All A Matter Of Application

Someone very dear to me said this to me when I a child, and I have since said it regularly to my own children.

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A recent shoot didn’t pan out the way I had hoped. Not to say it wasn’t successful, but I was disappointed in a few areas, and it made me question my skill as a photographer.

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With time to reflect, I can actually see the positives in my disappointment, and I know now which areas to apply myself to in practise.

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Its easy to obsess about gear, easy to see, and dream, great ideas, but putting them into practise is often much harder, and time consuming that imagined.

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Like this simple shot – I had a request from a client to adapt my lighting; make it more dynamic – for a competition. Easy as pie, haha, it took me an hour using one strobe to get it to where I was half happy!

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The other thing I have happened upon recently is an appreciation for how good my ‘professional’ gear is. Yes it is heavy, cumbersome at times, and thee is no live view or useful video. But, it does it’s job, and does so very, very well.

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If I were a better photographer it would do it’s job brilliantly 😀

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Since that shoot, I have mostly used my little Olympus  OMD EM10 and little m43 lenses. I wanted to pare it back, just enjoy the family photography that got me to here in the first place. WYSIWYG, Jpeg, minimal processing.

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This particular application  requires little in the way of application, and puts the phun back in photography. 

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😀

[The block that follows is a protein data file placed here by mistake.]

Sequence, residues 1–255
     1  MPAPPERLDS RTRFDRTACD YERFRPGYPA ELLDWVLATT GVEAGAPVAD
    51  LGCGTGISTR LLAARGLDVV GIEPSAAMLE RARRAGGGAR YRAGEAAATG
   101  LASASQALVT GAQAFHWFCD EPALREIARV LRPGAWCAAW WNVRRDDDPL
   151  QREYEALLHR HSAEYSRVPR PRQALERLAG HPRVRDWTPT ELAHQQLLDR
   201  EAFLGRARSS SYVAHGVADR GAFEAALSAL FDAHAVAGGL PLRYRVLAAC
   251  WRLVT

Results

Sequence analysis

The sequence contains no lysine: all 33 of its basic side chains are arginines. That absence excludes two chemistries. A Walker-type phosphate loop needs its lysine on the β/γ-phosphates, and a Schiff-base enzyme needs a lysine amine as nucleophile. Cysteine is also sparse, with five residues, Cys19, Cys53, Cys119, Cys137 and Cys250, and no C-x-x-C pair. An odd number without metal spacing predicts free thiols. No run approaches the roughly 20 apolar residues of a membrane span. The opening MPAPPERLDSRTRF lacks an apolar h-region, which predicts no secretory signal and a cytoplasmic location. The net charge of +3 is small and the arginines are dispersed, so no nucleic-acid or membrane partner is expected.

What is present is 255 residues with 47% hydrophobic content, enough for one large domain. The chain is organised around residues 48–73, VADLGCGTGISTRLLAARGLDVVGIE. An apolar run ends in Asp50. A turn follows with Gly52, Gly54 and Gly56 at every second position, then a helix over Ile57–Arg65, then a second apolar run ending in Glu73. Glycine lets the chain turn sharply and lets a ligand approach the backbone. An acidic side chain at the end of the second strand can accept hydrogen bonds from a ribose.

In Contention

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Exactly which lenses/camera bodies comprise the ‘perfect’ kit?

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In an effort to keep costs down, and to reduce the number of items to only those that matter, I’m trying to work out what exactly I need.

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So, I have the two D800 bodies, and the two Tamron zooms. All good.

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But what, if anything else, might I need?

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I reckon I can safely say that a Macro is not necesary, as I’ve teased various lenses for their  near macro abilities, and in terms of ring shots etc, the 70-200mm does a good job at the long end, with the 36mpx of the D800 giving room to crop.

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But, what about primes? Zooms have a max aperture of F2.8, which isn’t bad, but might make all the difference in dimly lit spaces. And I swear that anything indoors, outside of british summertime (all three weeks of it), is low light!

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I question how much use apertures between F1.4 and F2.8 get during weddings etc. For portrait yes, but for the majority of the day, no.

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So whether I may need a 50mm F1.4 or an 85mm F1.8 (or both) is something that will occur to me as the year goes on. I mentioned to a friend just today that the difference in quality between a Fuji 35mm F1.4 on an XE2 and a Sigma 50mm F1.4 ART on a D800 would be vast, and her interesting reply was along the lines of….’noticeable to who, and by how much at ordinary viewing sizes?